Blackout in Belgium

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fot. Kamram Aslam, CC BY-NC-ND 2.0Belgium faces a severe risk of electrical blackout during this winter. Half of the electricity produced in Belgium comes from the seven nuclear reactors built during the 1950s. Since spring, these have encountered problem after problem. Two reactors had to be shut down because of micro-cracks discovered in vessels while a third one has been closed in July due to sabotage. They are intended to remain closed during all winter. Belgium suffers from particularly stringent bad luck but the small country is only the tip of the iceberg of a complicated situation in Europe.

A blackout refers to the collapse of a grid after a situation where no equilibrium can be found anymore between the demand and the supply of electricity. It would lead to a complete stop in electricity supply in Belgium and cause serious physical damage on the grid and power generation utilities. Since the closure of the three reactors, the electricity supply has been cut off by 25% or 3,000MW. Hence blackout is a serious threat for Belgium during winter as the consumption is the highest during this period.

A blackout would cost 120 million Euro per hour to the Belgian economy. If the power grid is down, the first sector hit will be telecommunication and transports. STIB, the transport company in Brussels, has a 3 hours back-up plan in order to evacuate the persons locked in but there will be no service anymore. Mobile phones antennas will also be deprived of electricity while critical services such as hospitals have a limited power back up of eight hours. But as a blackout would cause damages that would require several days to be fixed, it is estimated that eight hours of power shortage is the maximum the country can go through before transforming Belgium in a large-scale social experiment.

The solution found to avoid the dramatic consequences of a blackout is planned outages. When the demand peaks, Belgian authorities want first to increase the supply side. But the European grid is still massively deficient as Belgium is poorly interconnected. There is also a strategic reserve, 850MW of electricity, that can be injected into the grid, but its size will be insufficient if the demand peaks. If these measures are not sufficient, the transmission system operator (TSO) will temporarily disconnect certain consumers of the grid, depriving them of the electricity to limit the demand and the risk of blackout. Belgium has been divided into six zones, each representing 500MW. Two zones can be cut at the same time if the demand is too high. These planned outages will represent a financial cost that will not be supported by insurances, neither by the State. No compensation mechanism is put in place for now. It would be interesting to follow if any citizen estimates that the State has failed him in providing electricity and is liable for his economic losses.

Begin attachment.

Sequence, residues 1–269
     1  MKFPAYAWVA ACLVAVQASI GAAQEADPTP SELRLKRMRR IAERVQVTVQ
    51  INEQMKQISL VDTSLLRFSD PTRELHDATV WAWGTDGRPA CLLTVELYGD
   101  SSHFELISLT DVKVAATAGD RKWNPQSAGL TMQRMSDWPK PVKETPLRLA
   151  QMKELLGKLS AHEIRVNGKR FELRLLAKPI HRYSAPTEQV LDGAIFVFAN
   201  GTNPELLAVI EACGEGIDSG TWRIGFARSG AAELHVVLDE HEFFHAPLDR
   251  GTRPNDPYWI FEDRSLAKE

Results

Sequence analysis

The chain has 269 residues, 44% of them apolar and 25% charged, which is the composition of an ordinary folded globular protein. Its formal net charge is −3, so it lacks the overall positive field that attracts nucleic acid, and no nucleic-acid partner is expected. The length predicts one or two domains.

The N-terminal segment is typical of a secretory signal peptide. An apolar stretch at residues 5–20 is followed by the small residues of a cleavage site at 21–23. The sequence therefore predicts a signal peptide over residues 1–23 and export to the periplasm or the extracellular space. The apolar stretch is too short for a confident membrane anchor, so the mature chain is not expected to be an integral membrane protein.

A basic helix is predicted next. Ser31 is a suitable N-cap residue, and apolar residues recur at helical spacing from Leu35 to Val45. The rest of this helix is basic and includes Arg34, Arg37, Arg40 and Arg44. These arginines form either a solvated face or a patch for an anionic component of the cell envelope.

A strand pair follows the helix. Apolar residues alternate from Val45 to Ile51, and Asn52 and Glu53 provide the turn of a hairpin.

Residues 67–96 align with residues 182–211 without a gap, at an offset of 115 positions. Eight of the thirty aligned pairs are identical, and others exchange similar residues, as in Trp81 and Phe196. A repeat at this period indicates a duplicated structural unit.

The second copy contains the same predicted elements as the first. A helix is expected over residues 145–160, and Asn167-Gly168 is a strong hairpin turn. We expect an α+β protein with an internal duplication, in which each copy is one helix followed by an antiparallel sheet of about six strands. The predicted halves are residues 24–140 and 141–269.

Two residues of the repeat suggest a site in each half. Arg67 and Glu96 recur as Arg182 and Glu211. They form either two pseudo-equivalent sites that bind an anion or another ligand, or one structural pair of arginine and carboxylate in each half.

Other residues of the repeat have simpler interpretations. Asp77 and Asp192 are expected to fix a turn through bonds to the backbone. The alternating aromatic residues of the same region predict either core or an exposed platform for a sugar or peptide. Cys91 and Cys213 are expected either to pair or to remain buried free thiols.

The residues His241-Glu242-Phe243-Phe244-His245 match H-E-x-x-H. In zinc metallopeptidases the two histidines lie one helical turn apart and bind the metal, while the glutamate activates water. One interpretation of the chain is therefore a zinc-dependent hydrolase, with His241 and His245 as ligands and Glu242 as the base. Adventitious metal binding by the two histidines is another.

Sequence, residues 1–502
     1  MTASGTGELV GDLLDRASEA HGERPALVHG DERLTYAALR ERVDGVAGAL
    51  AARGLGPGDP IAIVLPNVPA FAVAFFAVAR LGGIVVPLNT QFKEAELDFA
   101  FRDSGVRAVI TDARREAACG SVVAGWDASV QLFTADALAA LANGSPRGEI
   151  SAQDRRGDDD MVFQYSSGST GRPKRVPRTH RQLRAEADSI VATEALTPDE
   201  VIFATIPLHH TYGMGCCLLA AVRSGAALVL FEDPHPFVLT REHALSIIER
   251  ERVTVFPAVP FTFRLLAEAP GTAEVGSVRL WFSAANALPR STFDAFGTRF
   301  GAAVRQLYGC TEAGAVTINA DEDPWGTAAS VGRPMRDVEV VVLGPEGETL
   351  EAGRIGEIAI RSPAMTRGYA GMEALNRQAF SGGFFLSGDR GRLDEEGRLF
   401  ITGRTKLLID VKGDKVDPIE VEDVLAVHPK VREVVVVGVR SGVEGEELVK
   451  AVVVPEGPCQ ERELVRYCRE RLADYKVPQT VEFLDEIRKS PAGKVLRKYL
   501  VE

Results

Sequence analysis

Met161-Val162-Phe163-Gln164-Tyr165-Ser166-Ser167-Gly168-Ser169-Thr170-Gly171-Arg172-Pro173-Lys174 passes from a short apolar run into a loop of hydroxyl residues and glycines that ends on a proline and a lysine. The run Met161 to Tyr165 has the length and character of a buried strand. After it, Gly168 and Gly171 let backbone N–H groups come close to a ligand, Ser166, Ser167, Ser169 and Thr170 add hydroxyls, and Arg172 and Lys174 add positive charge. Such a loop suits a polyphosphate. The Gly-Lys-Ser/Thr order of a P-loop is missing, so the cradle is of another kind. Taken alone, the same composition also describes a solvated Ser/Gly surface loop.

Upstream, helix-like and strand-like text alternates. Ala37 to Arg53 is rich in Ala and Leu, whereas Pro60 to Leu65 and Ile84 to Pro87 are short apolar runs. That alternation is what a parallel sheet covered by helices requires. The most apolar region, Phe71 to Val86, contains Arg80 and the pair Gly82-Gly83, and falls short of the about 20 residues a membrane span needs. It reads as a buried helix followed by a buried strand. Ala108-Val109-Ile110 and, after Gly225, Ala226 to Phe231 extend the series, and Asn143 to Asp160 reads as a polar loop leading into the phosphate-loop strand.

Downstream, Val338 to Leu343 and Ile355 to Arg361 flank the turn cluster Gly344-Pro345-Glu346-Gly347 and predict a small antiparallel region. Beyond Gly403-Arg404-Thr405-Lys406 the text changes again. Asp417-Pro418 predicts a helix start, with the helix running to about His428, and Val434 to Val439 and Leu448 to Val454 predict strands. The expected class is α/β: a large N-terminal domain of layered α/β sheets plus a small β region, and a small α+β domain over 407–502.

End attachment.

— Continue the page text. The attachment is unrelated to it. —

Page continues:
Belgium is reliant for more than 50% of its energy supply on the nuclear technology. As every technology, there is an inherent risk but it is much greater in the case of nuclear power: as nuclear power plants have a very big energy production capacity, the failing of one has much greater consequences than the failing of other sources of energy. Securing its energy supply is a key word in the European arena these days, alongside diversification. Belgium is the living reminder that a forward-looking energy policy is based on a diversified number of power sources.

The Belgian grid is connected to the Netherlands and to France. A third interconnection is scheduled with Germany but will not be ready before 2019. Overall, the European grid remains largely deficient, as the interconnection between countries is largely undersized. The problem is that each European member state remains sovereign on its energy mix. This idea is over as the current situation is not sustainable. A country is connected well-enough to the grid to provoke a blackout, at the minimum on the surrounding countries, but often not enough to import more from other countries. It was already the case in 2006, when a technical incident in Germany led to a temporary shortage in entire Europe. The European Commission funds strategic infrastructure, and is probably going to do more under the 300 billion investment package, but it remains an issue notwithstanding.

Overall, in Europe the situation is precarious. ENTSO-E, European association of energy distributor, publishes each year an outlook for the coming winter. They conclude that the reliability of generation capacity is lower this year than the previous ones. The problem is present in Belgium but also in other European countries such as France, Poland or Sweden.

In conclusion, it is time to realise that access to electricity is a right and that it should be protected. For 50 years, electricity is considered as granted but economic development coupled with insufficient investment in electrical infrastructure threaten this right. Depriving some persons of the right to electricity to protect the grid is not natural to us, as we are used to unlimited access. A ministerial order is needed to expel some people of the grid, as it is a political decision they can be held responsible for. It is the lesson to learn: electricity is a resource that needs to be taken care of.

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Quentin Genard

Graduate from the Faculty of Law and Political Science, University of Liège (MA, 2012) and the Department of European Political and Administrative Studies at the College of Europe in Bruges (MA 2013). Intern at the European Movement Belgium (2010) and the Group of Research and Information on Peace and Security (Brussels, 2013). He is since associated researcher at GRIP and member of the political cabinet of a Belgian Minister, dealing with European and International Affairs.

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